Makers who make for makers are some of my favorite kinds of makers. (Say that 5 times fast!) Seriously, having well-made tools and accessories is a must for makers and in this regard, Geana Sieburger leads the way with her I-want-all-of-them collection of handmade smocks and aprons found in her GDS Cloth Goods shop. I’ve been meaning to give Geana some floorspace here to discuss her creative process and Geana gracefully obliged me amd somehow made me care about SEAMS. Yes, she’s that good. So, without further ado, here she is.
When I lead my fiber and textile workshops, people often want to know what makes a quality textile. Is it something that happens in the field when farmers are growing the fiber? Or, is quality determined by how it’s woven? The answer is usually no surprise–decisions are made at every stage that take away or contribute to quality. At every stage there are details to be overlooked or to be included in the process.
I’m grateful to have access to some of the highest quality denims that exist. These are selvedge (or selvage) denims and sometimes canvases made on narrow looms that produce beautiful self-edges (hence the name selvedge). The finished edges have their aesthetic value, but also make the designers job a little easier and the narrow widths allow them to produce less waste in the process. There’s history and tradition here, and I appreciate that as well.
Then there are overall design, pocket, and seam finishing decisions. When I design, I always strive to find a balance between aesthetics and utility. I feel I’ve succeeded with a design when it’s visually calming but inspires discovery. What I mean is that I strive for designs that appear simple but are actually quite detailed, both technically and in their utility. I spend a lot of time thinking about pocket placement, their shape, and the lines they create. Shapes have personalities which come through in the finished work.
“GDS was founded to provide ethical and sustainable alternatives to people who appreciate simple modern design. We believe that knowing the makers of our textile goods is as important as understanding the route of food from farm to table.By making products and facilitating workshops at the intersection of design, sustainability and community, it’s our mission to contribute to the restoration of our environment and a more equitable fashion and textile industry.”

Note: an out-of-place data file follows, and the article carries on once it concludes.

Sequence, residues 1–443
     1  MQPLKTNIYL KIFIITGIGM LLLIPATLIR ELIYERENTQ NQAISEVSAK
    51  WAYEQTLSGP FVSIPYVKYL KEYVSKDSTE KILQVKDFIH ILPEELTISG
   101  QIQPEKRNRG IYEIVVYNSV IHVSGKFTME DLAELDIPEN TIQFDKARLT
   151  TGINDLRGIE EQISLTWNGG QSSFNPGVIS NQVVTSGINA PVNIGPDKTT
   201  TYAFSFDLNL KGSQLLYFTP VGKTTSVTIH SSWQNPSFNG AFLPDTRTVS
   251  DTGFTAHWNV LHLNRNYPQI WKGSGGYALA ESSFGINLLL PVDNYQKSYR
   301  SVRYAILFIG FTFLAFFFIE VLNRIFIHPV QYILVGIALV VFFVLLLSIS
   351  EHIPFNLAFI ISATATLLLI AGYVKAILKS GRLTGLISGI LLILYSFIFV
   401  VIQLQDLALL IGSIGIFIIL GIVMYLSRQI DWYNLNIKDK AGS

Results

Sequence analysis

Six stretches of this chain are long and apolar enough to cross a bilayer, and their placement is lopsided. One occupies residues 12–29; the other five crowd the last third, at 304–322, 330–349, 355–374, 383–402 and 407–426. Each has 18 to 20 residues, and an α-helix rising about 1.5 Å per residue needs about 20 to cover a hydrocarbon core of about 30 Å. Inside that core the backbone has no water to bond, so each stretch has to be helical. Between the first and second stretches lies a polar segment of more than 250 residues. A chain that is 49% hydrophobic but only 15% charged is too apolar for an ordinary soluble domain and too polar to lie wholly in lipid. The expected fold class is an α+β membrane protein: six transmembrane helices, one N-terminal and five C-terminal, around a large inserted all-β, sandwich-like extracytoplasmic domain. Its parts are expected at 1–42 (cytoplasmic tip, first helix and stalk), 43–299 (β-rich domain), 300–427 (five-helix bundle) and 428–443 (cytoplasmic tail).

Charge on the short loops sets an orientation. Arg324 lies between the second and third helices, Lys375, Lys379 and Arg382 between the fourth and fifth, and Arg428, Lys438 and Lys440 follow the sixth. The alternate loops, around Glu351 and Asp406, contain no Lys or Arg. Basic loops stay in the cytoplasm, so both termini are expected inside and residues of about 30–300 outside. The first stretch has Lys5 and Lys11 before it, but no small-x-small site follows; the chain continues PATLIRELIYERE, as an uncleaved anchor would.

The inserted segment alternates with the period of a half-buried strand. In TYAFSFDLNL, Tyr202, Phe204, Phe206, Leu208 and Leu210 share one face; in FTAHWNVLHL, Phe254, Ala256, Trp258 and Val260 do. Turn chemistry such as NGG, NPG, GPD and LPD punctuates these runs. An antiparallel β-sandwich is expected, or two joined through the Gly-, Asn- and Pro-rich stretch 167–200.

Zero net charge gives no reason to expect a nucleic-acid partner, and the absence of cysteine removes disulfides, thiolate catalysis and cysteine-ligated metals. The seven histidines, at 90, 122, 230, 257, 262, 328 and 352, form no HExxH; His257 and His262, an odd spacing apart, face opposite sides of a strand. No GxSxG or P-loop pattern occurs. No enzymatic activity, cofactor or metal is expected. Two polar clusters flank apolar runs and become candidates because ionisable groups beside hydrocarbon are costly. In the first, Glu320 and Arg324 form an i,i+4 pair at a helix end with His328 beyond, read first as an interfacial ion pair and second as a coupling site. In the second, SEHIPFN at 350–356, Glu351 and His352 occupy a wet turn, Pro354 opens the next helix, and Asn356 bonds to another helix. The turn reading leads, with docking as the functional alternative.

I don’t hear people talk about seams very much. Maybe it’s because it can sound like a different language. Other than choosing a quality cloth this the most important step in determening how long a piece of clothing will last. We use techniques such as flat-fell and french seams which guarantee that our pieces will last at least a lifetime. These kinds of seams have no exposed thread except for the dotted line of a straight stitch which sinks into the fabric so that no snagging can occur. You can wear our pieces inside out and no one but would know the difference.
Another fact that never gets talked about is thread quality and tension of the stitching. Lower quality threads can break more easily especially when the tension of the stitching is off.
The fabrics become more beautiful with age, thoughtful stitching details become more prominent, and because the designs are simple, they seem to always be in style. My goal in paying attention to these details is to create pieces that will stay with people all of their lives. I hope people will see that pieces made with care really are different, not just because of some abstract idea about handmade being better, but because when something is made with care throughout the entire process, you can actually see and experience it for a very long time.
About The Maker
Inspired by the trendsetting women in her own family and a grandmother who was one of the most sought-after seamstresses in town, Geana Sieburger worked within the textile industry for 7 years before she founded GDS. Growing up in Southern Brazil deeply influenced her work, a place where in the 80’s, bakeries and their bakers could be found every few blocks and skilled seamstresses still sewed a good portion of people’s everyday wardrobes. Communities sustained themselves, and Geana believes there’s a lot to learn from that. These experiences left an impression that would later resurface as objects to better appreciate the everyday work of living.
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